G20 member countries spend nearly quadruple the amount of money on fossil fuel subsidies in comparison to renewables according to the Overseas Development Institute (ODI).
In a report, the think-tank said that $452bn (£297bn) was given to support fossil fuels against just $121bn that went to renewable energy sources.
The report said that these funding decisions increase the difficulty of reducing greenhouse gas emissions which slows climate change.
"G20 governments are paying fossil fuel producers to undermine their own policies on climate change," the ODI's Shelagh Whitley said in a statement.
"Scrapping these subsidies would rebalance energy markets and allow a level playing field for clean and efficient alternatives."
Although the G20 countries backed calls to phase out fossil fuel subsidies at meetings in 2009 and 2014, the ODI believes that not enough progress has been made.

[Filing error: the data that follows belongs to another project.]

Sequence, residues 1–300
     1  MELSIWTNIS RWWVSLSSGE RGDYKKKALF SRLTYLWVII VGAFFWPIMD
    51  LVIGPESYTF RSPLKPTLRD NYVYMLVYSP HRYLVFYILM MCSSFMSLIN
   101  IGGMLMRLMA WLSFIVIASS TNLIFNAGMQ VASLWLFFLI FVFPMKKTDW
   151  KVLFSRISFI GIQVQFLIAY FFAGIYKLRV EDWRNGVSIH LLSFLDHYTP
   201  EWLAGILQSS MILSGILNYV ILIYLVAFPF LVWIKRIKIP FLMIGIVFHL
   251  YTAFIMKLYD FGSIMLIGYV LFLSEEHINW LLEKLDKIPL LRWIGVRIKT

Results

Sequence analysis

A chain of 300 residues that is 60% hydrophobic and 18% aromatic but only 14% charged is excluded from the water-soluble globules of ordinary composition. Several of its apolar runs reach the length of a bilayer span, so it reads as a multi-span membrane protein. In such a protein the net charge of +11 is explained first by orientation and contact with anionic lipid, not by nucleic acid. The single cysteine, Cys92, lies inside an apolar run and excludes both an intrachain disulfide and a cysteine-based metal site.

It urged them to adopt timelines for phasing them out and transferring the financial support to greener forms of energy.
Energy secretary Amber Rudd recently admitted that the UK is lacking in policies that will help it meet EU renewable energy targets after it cut support for green energy subsidies in the summer.
The World Trade Organization has said that subsidies to oil and coal among G20 countries include direct payments such as grants, loans and equity, tax credits and price supports.
The report noted that the fossil fuel industry is subsidised through a number of avenues, nearly $78bn a year was spent by the G20 on national subsidies, an additional $286bn was given in state-owned company investments and other public finance support was valued at $88bn.
Russia provided the highest subsidies among the countries, providing almost $23bn a year.
The UK was the only G7 nation (which also includes Canada, France, Germany, Italy, Japan and the US) that was found to be increasing its support for the fossil fuel industry by providing more tax breaks and industry support in 2015 for companies extracting from the dwindling supplies of the North Sea oilfields.
Despite calls by US president Barack Obama to scrap fossil fuel subsidies, the world's largest economy spent more than $20bn in national subsidies, the report said.